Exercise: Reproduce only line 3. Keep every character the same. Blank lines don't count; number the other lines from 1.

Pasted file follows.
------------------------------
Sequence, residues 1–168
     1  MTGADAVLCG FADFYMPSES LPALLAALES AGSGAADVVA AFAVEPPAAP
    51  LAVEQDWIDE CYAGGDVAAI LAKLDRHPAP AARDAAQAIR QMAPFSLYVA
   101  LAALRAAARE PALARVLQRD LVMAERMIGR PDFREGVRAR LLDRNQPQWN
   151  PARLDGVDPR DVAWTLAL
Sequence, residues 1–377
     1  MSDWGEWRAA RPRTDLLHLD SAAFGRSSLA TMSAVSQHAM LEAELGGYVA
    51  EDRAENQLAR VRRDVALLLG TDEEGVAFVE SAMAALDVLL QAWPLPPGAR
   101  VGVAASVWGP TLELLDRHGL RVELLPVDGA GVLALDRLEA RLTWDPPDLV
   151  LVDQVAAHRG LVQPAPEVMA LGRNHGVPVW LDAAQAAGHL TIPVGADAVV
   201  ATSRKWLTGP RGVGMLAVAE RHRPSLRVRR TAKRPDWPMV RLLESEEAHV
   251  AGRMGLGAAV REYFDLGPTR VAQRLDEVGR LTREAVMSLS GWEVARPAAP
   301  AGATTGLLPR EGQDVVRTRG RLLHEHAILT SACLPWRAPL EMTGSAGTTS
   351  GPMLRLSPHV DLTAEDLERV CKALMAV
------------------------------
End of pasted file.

    51  LAVEQDWIDE CYAGGDVAAI LAKLDRHPAP AARDAAQAIR QMAPFSLYVA